Our real world tests, too, show that, although not on a par with a gaming rig, the HDX 16 is more than powerful enough for mainstream gamers. It managed 59 frames per second in World of Warcraft when set to a resolution of 1024 x 768. Set to the same resolution, it notched 77 fps in F.E.A.R. on autodetect, and 22 fps with the resolution set to 1280 x 1024 and effects set to maximum. That means you’ll get high frame rates if you don’t max out the settings, and lower but still playable frame rates if you do.
Even now that it’s not so cool for notebook vendors to load consumer machines with trialware, many still come preinstalled, and the HDX 16 is no exception. It has trial versions of Microsoft Office Home and Student 2007 and Norton Internet Security 2008. It also has LabelPrint, Muvee AutoProducer 6.1, Power2Go, Sling Player, and Yahoo Toolbar. On the plus side, the HDX 16 comes with CyberLink DVD Suite for watching movies and burning discs. Finally, the machine has HP MediaSmart and MediaSmart QuickPlay for viewing your collection on that big screen.
Wi-Fi, Battery Life, and Warranty
The HDX 16’s Intel WiFi Link 5100 radio delivered strong wireless scores: 19.8 Mbps at 15 feet and 19.5 Mbps at 50 feet. In addition to 802.11n Wi-Fi, it has Bluetooth 2.0 connectivity. The six-cell battery lasted 1 hour and 59 minutes on the LAPTOP Battery Test (continuous Web surfing over Wi-Fi). That’s about an hour and a half short for a mainstream notebook, but we suspect that people who want a multimedia machine this big aren’t likely to leave it unplugged much anyway.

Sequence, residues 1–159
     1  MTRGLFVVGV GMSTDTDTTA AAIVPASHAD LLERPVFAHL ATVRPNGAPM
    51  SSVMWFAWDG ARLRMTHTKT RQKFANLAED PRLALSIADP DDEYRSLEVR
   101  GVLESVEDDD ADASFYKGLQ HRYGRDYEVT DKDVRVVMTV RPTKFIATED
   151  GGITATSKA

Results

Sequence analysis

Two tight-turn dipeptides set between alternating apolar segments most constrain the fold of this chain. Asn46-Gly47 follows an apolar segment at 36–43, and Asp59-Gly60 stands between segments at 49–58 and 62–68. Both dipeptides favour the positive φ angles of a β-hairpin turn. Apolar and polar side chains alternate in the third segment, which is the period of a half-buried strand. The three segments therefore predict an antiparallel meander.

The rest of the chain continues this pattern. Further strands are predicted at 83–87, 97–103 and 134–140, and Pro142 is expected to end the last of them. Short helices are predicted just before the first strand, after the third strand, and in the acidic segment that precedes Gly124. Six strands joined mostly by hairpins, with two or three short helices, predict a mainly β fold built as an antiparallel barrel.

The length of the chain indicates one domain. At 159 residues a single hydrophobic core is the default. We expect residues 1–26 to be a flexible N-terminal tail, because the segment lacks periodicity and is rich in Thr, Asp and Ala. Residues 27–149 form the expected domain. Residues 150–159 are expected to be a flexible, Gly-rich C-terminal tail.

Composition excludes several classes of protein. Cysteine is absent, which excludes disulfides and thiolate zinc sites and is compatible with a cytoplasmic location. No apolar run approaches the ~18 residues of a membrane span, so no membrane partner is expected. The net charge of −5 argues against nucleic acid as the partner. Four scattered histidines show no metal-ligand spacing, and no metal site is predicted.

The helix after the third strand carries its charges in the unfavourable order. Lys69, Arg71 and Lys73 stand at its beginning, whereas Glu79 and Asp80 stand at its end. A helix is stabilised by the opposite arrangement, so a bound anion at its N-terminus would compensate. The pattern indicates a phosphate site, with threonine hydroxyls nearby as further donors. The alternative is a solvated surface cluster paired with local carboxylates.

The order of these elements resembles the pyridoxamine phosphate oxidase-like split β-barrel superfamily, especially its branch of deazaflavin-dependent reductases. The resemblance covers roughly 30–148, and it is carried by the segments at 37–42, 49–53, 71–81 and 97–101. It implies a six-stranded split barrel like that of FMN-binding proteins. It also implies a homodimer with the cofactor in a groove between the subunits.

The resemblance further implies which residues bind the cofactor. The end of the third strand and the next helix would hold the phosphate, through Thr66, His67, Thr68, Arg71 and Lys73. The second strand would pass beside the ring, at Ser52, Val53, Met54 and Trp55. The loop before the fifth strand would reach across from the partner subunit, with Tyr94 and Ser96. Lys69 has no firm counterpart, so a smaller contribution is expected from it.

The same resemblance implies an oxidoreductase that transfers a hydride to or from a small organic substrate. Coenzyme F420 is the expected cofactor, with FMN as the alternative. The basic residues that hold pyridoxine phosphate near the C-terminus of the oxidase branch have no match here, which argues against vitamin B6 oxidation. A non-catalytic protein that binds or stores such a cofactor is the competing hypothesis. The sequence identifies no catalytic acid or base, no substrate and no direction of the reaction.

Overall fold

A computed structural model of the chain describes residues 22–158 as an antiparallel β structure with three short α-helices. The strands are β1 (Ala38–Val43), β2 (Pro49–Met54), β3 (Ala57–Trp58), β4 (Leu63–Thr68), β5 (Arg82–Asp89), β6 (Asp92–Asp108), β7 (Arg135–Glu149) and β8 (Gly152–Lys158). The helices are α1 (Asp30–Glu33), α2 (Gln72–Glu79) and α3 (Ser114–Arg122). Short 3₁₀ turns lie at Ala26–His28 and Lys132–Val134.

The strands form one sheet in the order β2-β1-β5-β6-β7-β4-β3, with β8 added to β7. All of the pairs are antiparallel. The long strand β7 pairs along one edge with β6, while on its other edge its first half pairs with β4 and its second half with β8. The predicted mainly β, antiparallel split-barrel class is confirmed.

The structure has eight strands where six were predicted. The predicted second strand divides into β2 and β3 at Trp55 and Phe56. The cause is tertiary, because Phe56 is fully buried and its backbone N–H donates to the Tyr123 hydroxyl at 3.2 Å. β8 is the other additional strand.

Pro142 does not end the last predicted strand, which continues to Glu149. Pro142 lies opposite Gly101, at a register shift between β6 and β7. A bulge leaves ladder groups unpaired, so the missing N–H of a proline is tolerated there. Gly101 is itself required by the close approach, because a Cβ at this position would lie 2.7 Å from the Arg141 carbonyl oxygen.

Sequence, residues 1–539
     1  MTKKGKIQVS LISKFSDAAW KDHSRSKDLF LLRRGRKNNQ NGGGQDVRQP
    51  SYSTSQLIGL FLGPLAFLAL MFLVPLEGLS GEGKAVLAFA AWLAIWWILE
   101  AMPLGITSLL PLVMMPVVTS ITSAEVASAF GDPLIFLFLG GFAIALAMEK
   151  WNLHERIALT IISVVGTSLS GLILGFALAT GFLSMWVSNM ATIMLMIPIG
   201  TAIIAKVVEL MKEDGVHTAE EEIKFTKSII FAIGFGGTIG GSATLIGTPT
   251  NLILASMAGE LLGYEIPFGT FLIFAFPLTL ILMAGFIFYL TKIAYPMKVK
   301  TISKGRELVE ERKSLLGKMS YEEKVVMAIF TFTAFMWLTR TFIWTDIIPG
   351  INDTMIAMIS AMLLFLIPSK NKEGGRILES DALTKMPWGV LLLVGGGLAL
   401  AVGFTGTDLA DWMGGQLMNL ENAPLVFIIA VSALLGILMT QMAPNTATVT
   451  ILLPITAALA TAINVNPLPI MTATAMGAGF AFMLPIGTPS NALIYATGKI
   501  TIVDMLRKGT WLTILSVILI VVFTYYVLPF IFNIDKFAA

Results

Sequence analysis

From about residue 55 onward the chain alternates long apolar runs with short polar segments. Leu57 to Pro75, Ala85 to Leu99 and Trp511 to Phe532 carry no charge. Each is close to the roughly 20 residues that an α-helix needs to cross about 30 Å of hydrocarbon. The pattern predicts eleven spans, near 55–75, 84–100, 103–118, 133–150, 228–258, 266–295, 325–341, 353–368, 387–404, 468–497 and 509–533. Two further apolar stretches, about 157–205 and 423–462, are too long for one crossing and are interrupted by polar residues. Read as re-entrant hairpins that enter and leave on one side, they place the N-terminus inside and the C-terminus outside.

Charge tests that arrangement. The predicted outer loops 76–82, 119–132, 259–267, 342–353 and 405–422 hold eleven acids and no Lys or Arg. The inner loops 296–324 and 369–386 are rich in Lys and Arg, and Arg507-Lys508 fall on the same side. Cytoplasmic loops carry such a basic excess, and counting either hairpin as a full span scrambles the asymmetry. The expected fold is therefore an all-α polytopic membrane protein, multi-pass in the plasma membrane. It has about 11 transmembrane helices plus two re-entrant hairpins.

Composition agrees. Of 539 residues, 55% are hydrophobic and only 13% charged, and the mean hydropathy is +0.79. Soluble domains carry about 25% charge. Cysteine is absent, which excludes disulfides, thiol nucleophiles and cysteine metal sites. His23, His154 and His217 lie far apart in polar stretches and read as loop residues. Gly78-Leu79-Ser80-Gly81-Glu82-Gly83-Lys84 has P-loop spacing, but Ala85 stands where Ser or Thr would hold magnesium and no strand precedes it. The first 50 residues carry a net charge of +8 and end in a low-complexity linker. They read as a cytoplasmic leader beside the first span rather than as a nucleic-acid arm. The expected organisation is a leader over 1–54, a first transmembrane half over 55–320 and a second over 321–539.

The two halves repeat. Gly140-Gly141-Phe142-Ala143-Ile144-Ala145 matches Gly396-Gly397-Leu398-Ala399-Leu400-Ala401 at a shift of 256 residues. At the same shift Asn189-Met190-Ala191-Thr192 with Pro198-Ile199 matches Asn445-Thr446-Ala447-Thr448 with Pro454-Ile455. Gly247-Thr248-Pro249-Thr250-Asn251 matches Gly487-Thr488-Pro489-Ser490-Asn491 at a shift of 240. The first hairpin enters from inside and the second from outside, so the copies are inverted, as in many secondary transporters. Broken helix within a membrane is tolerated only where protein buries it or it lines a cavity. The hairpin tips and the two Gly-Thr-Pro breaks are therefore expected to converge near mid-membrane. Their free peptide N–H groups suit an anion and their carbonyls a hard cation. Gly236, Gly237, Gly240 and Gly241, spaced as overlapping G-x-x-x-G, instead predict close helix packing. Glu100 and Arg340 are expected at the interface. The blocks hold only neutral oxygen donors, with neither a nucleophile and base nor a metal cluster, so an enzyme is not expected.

HP covers the HDX 16 with a one-year warranty, including 24/7, toll-free phone support. Click here to see how HP fared in our Tech Support Showdown.
With its stunning display, Blu-ray drive, TV tuner, booming Altec Lansing speakers and 16:9 aspect ratio, the HP HDX 16 is made for people who want a powerful multimedia machine that’s still light enough to carry around once in a while. Although the Sony VAIO FW series is sleeker and lasts longer on a charge, for nearly $300 less, the HDX 16 excels where it really counts, delivering superior productivity and graphics performance and more-powerful sound. The HDX 16 also looks more like a premium machine compared with the HP Pavilion dv7, which lacks the HDX 16’s 1080p display option. The touchpad could be smoother, and we wish the touch-sensitive buttons were more responsive, but overall the HDX 16 is a desktop replacement in a mainstream notebook’s body that delivers great value for the price.